See what Thanksgiving Week in Orange was like 100 years ago

Published 12:02 am Thursday, November 24, 2022

Getting your Trinity Audio player ready...

On Nov. 21, 1922, the last wooden ship built for use during the WWI years was set afire.

The unfinished ship had been built by the National Shipbuilding Company and was left in the area where Texas Creosoting Company was building their new plant. The wooden vessel was in the way, so it was set afire and burned to ashes.

Other ships, in a more finished state, but no longer wanted, had been towed near the mouth of Conway’s Bayou and burned to the waterline. With the burning of the vessel by Texas Creosoting, an era had ended.

• In 1921 a channel had been dredged from Johnson’s Bayou into the marsh in order for oil drilling equipment to be used. The channel had been blocked by water hyacinths when C.N. Scott and W.J McManus decided to drill test wells.

After clearing the channel, a year later, equipment was taken in to drill the wells. The wells were to be drilled from 1,000 to 1,500 feet in the hope of finding salt domes.

In the Orange field Sun Oil Company’s Number 2 Carrie Brown well had found 120 feet of pay sand at the 4550 feett depth. This was the largest stratum of pay sand that had been found on the Gulf Coast.

Oil men were hoping the real field in the Orange territory had been found. Those closely watching the test had a slight fear that salt water may enter through an older test site.

• A.C. MacFarlane of North Texas had been given a contract for the construction of a bridge across the Neches River at Beaumont. MacFarlane was the low bidder on the project slated to cost less than $273,000.The contract called for the bridge to be completed by Oct. 1, 1924.

The bridge was to be a major step in the completion of the Old Spanish Trail through this section of the state. It was also expected the project would have much bearing on Louisiana going forward with plans in their state.

• Orange County was completing the concrete road from the Sabine River to the east bank of the Neches River at Beaumont. Jefferson County was to carry the road to link with a concrete road through Liberty County to link with the road at Harris County into Houston.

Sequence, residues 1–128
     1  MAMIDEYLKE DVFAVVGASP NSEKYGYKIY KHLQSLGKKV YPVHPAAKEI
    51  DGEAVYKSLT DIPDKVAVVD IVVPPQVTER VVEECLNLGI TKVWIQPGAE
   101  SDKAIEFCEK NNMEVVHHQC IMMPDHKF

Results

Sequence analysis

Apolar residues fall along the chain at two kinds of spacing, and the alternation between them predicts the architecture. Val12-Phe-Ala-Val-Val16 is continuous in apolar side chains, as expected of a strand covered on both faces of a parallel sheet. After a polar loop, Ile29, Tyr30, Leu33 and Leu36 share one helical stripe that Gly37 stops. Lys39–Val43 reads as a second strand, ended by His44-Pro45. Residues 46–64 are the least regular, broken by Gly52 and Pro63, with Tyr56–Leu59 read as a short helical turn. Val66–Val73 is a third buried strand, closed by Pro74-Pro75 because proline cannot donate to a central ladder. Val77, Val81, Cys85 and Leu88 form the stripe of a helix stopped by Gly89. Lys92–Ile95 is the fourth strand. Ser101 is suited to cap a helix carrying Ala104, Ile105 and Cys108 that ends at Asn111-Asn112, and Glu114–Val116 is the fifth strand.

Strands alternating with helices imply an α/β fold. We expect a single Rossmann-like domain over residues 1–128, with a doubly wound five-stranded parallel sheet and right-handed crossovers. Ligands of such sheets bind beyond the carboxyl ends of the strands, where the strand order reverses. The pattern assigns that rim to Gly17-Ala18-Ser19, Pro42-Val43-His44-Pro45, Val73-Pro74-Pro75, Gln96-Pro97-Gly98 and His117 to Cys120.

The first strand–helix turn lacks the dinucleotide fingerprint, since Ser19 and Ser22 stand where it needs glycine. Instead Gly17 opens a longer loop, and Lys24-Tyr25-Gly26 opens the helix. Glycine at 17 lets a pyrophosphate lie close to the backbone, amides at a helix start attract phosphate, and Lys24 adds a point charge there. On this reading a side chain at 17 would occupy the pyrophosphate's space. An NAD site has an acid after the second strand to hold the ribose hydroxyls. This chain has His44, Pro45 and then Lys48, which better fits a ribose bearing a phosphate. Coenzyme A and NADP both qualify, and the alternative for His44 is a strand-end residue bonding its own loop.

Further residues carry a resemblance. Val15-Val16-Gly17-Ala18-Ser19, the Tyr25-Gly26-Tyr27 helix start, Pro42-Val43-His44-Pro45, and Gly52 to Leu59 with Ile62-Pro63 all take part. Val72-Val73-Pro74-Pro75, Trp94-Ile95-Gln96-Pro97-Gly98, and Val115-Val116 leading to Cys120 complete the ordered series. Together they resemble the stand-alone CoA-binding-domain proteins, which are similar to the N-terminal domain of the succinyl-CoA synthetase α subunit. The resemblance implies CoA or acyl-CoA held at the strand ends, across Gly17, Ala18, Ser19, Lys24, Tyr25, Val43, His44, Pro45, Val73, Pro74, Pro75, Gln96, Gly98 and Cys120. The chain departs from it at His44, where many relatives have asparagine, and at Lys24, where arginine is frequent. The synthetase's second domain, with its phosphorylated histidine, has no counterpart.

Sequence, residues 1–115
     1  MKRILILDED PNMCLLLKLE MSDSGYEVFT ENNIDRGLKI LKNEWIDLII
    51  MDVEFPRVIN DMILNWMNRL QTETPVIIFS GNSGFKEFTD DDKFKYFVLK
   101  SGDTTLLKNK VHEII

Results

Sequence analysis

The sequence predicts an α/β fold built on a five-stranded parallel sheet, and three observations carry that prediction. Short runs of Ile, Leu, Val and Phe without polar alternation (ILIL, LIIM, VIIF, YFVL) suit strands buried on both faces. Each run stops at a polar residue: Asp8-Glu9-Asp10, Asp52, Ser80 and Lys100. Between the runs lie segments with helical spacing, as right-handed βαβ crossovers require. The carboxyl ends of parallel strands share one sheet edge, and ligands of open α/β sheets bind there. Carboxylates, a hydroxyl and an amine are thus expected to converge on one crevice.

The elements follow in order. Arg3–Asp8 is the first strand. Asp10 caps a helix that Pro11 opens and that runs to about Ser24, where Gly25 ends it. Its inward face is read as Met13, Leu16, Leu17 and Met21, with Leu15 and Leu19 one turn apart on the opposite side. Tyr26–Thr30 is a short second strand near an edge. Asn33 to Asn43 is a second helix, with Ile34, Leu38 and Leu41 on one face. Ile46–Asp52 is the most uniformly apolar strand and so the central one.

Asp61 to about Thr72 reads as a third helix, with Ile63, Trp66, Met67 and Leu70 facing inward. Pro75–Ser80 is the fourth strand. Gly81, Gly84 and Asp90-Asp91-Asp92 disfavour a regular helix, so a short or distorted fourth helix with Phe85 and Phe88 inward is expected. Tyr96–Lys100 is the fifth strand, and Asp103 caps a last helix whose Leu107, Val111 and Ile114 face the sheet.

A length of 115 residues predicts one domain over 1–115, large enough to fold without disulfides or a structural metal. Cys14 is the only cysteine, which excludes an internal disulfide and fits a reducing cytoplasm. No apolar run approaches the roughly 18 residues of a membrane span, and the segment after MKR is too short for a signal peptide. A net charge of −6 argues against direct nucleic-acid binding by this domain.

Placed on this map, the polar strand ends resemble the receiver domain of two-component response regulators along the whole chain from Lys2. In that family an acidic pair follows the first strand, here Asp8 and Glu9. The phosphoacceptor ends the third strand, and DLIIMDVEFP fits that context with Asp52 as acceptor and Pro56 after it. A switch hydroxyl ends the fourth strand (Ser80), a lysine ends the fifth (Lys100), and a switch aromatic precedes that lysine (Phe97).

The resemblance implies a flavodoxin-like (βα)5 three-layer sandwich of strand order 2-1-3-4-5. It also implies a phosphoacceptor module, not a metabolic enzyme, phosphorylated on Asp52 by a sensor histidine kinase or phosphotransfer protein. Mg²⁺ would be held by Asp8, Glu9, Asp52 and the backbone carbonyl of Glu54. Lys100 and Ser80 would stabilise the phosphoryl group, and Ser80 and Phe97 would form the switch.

• Queedie Cohen, age 26, was placed under a $500 bond after being arraigned before Acting District Judge John B. Force on a grand jury indictment charging assault to murder. Mrs. Cohen was alleged to have shot and painfully wounded Josh Griffin as he sat in his car at the corner of Front and Tenth Streets. His wounds were said to be “slight in nature.”

J.B. Ferguson, age 19, of Orange was sentenced to five years in the state penitentiary at Huntsville. Ferguson and John Weakly were jointly indicted of having robbed L.P. Marshall at Houston on the night of September 4. The duo obtained $10 from Marshall.

Ferguson had only been married three weeks when he received his sentence.

Authorities in Orange were investigating the robbery of the Texas Company filling station on the corner of Seventh and Green Avenue. Entrance to the building had been gained by breaking a window in the rear of the building. Over $100 was taken from the cash register.

• An open air Thanksgiving service was to be held by various churches of Orange on Thanksgiving Day. The service was to be held on Main Street near the post office. Reverend J.W. Walton of the First Christian Church would give the Thanksgiving sermon. The song and music service would be directed by the Reverend Tom S. Cunningham, Associate Pastor of the Lutcher Memorial Presbyterian Church. Rev. Cunningham would be assisted by the young people’s orchestra of his church.

Plans were for every church in Orange to take part in the service.

“And now you know”

— Written by Mike Louviere